International equities also rebounded in May thanks to a slightly weaker U.S. Dollar and despite growing tensions between the U.S. and China. Developed Market equities, as measured by the MSCI EAFE Index gained +4.41% during the month on renewed optimism of fiscal and monetary unification across the Eurozone as well as a continuation of monetary stimulus from Japan. The European Central Bank (ECB) has announced new bond buying programs and backstops that could draw capital inflows to the bloc, and could be an early indication of the strengthening Euro seen over the past few weeks.
Despite these efforts, Developed International equities remain down -14.00% year to date. Emerging Markets, as measured by the MSCI EM Index eked out a +0.79% gain on the month, despite growing tensions between the U.S. and China. China officially revoked Hong Kong’s autonomy and in response the U.S. removed Hong Kong’s special status designation. These tensions were already inflamed when the U.S. Senate passed legislation requiring further oversight of U.S. listed Chinese Technology companies as a result of Luckin Coffee’s discovered fraud. The Chinese Yuan weakened further, approaching 7.2 Yuan per Dollar, to lows seen back in March. The consequences of these collective actions remain to be seen; however, Chinese Internet companies stock prices continue to soar and President Trump has not scuttled Phase 1 of the U.S. China trade deal as was widely expected.
With Asia comprising more than 70% of the MSCI EM benchmark, and China gaining weight through index provider MSCI’s semiannual rebalance last week, China is as important as ever to Emerging Markets, especially with the index down -15.81% year to date. At the regional level, Japan was the standout performer, with the Nikkei 225 Index gaining +8.35% in JPY terms. For the quarter, the Nikkei 225 Index has gained +15.66%, in line with MSCI ACWI, and year to date has returned -6.60%, handily outpacing the rest of the international equity space. Japanese companies remain a pillar of quality in Asia, with many companies cash rich and backed by the quantitative easing measures of the Bank of Japan (BoJ). Notably the Yen has remained largely unchanged over the past three months, unfazed by risk on sentiment.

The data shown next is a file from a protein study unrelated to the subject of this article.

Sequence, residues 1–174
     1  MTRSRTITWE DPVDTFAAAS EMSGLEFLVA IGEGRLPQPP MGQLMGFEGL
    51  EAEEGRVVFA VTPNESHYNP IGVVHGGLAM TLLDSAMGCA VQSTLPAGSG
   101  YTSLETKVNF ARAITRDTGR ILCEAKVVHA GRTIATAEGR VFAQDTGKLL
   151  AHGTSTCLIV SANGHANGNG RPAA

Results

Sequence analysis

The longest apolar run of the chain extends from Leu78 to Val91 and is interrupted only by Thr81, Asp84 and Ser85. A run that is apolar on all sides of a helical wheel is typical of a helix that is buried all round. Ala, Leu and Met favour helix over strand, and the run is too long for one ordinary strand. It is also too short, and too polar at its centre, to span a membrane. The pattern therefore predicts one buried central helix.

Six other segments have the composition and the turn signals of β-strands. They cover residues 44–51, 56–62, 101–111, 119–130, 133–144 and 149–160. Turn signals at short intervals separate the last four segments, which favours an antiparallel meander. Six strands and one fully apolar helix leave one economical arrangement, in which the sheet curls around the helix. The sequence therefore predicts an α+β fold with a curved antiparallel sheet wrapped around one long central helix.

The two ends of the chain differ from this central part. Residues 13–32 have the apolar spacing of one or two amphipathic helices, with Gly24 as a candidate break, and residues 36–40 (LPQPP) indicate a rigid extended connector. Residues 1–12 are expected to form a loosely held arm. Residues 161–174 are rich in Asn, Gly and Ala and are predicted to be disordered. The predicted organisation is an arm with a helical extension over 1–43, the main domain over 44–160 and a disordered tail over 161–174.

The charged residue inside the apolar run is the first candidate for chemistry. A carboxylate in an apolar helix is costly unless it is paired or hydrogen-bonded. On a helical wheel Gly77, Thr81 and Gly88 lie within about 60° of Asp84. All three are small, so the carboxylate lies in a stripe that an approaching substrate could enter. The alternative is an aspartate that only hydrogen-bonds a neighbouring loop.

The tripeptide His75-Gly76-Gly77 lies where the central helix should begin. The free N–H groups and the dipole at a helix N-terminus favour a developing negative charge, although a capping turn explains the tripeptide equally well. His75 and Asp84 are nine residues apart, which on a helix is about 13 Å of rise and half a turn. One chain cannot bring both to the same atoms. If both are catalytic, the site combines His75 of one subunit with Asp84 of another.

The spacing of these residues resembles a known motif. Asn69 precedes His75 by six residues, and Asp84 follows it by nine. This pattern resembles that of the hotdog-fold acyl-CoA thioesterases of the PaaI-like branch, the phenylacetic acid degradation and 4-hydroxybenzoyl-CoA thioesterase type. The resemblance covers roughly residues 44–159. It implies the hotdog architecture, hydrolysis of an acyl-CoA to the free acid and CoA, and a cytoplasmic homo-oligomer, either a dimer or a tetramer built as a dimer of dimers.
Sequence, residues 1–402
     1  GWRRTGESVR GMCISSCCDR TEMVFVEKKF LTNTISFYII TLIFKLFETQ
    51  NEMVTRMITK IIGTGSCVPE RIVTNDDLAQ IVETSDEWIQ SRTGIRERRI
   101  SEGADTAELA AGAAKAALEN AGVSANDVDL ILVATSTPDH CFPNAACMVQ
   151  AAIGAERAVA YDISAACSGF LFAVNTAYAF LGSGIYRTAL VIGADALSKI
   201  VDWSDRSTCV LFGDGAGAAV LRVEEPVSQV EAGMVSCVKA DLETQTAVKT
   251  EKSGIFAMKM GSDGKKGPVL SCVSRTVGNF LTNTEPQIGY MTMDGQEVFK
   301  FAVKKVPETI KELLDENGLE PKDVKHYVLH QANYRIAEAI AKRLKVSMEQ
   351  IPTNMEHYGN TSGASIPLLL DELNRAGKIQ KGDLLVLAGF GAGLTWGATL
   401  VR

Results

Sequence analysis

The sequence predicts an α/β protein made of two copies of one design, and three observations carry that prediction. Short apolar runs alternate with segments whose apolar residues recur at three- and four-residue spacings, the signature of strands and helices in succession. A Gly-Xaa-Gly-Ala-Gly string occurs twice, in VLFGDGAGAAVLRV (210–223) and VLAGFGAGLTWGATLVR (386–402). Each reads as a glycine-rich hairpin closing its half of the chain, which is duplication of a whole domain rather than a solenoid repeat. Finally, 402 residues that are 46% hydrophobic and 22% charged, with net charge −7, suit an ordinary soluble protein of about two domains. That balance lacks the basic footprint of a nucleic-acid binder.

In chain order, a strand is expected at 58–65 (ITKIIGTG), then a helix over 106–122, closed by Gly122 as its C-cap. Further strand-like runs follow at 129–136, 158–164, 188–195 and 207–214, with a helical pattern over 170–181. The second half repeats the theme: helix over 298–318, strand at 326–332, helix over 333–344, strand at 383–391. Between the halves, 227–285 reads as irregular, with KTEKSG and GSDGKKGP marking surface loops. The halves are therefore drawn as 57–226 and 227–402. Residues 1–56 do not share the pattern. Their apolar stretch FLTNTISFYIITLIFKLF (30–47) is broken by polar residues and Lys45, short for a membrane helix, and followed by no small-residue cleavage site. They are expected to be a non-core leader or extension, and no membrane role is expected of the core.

From a sector standpoint, 10 of 11 ex-USA GICS sectors finished the month in positive territory led by cyclicals. Industrials, Consumer Discretionary, and Materials were the top performers in May, posting gains of +6.25%, +5.69%, and +5.34% during the period. The lone negatively performing sector was Real Estate, down -1.77% during the month, as covid-19 related uncertainty around the space continues. For the year, the lone positive performing sector has been Healthcare, up +4.38% during the period as investors’ search for a covid-19 cure continues to lift equity shares in the sector.
Government bonds were roughly flat for the month as yields on longer duration bonds moved marginally higher, pushing the price of the bonds lower, and more than offsetting the minimal yield that they currently offer. There was very little yield curve movement inside of ten years. Even with the historically low yields available on U.S. Government bonds, U.S. Treasuries offer significant relative value compared to the rest of the developed world. German Government bonds offer a 0% yield on their 30-year maturity, Japan will offer 0.5% on the same maturity. With the 30-year U.S. Treasury yielding almost 1.5%, it is the clear winner.
Municipal bonds became cheap vs. Treasury bonds during the market dislocations of March and April. That is not particularly surprising. It does happen from time to time. The interesting part was how much they underperformed and for how long the underperformance continued. During May, the market finally decided to rectify this aberration, and Municipal Bonds staged a significant rally, turning in performance not far behind the High Yield index. Two and Three-year maturities are approaching what could be considered normal valuations, while there is still value to be found in longer duration municipal bonds.